Is "democracy" a preferential system, even when everyone has "just one vote"?

That is, does it prefer something? Is it more beneficial towards someone?

I've speculated that:

  • democracy and "one vote" is beneficial to balance "weak" against "strong", since both get just one vote, even if naturalistically "strong" would have more votes.

  • democracy is beneficial towards those that can manipulate masses towards some direction, even if that direction would be loosely grounded. That implies, democracy is prone to marketing manipulation similar to how marketers get "masses" to buy some product. Since democracy gains power through "masses".

  • 2
    What does it mean "preferential system" ? Maybe relevant Preferential voting ? Mar 3, 2020 at 9:23
  • @MauroALLEGRANZA It's a system of power. "Preferential" means that it biases towards someone/some group/something, as opposed to "non-biased" or "egalitarian". Now, democracy is sometimes marketed as being "egalitarian" due to the "everyone has equal opportunity (one vote etc.)" aspect, yet, to me it seems that since people can be psychologically manipulated, some people are "stupid" etc., the system in practice creates biased outcomes.
    – mavavilj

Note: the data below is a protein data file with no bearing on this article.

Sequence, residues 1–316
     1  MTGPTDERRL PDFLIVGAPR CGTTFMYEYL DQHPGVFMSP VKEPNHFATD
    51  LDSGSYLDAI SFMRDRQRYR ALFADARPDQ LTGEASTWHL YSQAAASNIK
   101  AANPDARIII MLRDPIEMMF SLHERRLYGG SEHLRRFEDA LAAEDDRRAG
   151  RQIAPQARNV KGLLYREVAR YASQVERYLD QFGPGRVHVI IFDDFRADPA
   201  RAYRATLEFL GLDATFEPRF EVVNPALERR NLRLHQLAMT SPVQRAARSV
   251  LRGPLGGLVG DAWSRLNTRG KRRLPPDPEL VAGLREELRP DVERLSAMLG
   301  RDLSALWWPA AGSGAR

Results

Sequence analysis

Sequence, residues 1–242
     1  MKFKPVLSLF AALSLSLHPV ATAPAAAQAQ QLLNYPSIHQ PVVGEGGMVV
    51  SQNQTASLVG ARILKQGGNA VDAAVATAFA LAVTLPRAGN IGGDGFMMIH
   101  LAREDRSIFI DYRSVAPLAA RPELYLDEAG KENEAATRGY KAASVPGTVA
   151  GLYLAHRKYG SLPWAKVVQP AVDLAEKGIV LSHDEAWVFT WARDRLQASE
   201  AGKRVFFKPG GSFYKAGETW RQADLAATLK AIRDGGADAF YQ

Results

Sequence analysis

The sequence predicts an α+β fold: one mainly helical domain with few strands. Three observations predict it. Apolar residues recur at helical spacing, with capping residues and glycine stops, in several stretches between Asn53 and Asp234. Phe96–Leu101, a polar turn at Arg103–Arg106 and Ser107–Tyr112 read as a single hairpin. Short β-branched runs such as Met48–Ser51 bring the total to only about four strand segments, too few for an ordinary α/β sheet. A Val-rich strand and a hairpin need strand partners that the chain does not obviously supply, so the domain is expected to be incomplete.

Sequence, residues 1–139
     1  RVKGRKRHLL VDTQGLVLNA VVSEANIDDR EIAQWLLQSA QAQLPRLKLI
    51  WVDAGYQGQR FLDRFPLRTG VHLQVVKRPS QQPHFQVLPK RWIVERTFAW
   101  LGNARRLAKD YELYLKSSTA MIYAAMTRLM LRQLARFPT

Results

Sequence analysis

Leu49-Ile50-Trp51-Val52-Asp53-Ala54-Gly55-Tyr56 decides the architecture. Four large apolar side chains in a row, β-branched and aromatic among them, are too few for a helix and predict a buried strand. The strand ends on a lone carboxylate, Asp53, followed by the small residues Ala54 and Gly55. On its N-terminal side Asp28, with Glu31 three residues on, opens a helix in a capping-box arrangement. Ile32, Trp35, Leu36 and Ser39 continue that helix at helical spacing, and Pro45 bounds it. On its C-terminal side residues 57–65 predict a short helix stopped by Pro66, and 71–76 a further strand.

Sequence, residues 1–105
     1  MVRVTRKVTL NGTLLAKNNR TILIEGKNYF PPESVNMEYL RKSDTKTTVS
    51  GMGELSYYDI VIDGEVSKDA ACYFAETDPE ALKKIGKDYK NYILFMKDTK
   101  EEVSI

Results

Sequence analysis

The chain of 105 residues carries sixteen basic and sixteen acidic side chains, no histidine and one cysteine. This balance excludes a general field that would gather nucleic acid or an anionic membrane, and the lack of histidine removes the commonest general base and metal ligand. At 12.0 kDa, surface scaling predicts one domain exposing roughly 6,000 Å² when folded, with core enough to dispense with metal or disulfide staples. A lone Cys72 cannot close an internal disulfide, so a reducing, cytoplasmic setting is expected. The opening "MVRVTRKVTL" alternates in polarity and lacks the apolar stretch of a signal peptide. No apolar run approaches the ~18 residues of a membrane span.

Mar 3, 2020 at 9:42
  • 1
    "democracy is prone to ... manipulation" ? Yes; many dictators (past and present) has been "regularly" voted and elected. Mar 3, 2020 at 9:46
  • Modern democracies are complex systems, based first of all on representatives (as opposed to Direct democracy). But it seems that "manipulation" is there from the beginning; see ancient Athenian democracy and demagogues. Mar 3, 2020 at 9:50
  • There is an interesting (and debatable) thread of research due to Vernant and Detienne about the archaic origin of Greek philosophy from polis, linking: democracy, justice, argument, dialogue, truth. Mar 3, 2020 at 9:59

3 Answers 3


If by 'democracy' you mean 'majority rule', then democracy will ex hypothesi favour the majority and its preferences. There is no inherent reason why those preferences should not allow for and include (at least some of) the interests of the minority, however.

Democracy always has a context. There is never just democracy; it is always constitutional democracy, liberal democracy, socialist democracy, etc. In a constitutional democracy - just as authentic a form of democracy as any other - there will typically be constaints defined by the constitution on the extent to which majority preferences can override the interests of the minority or minorities. In such a context mass manipulation is limited in its force when it hits the buffers of the constitution.

'... democracy is beneficial towards those that can manipulate masses towards some direction, even if that direction would be loosely grounded.' This is true, but it is true of any political system. There are populist dictatorships which rest of the active and enthusiastic support of the majority. There is no reason to think that democracy is peculiarly liable to mass manipulation; and some reason to think that under the conditions of constitutional democracy, especially when buttressed by free speech, free and fair elections, and a plurality of political parties, mass manipulation is checked or restrained more effectively than under non-democratic political systems.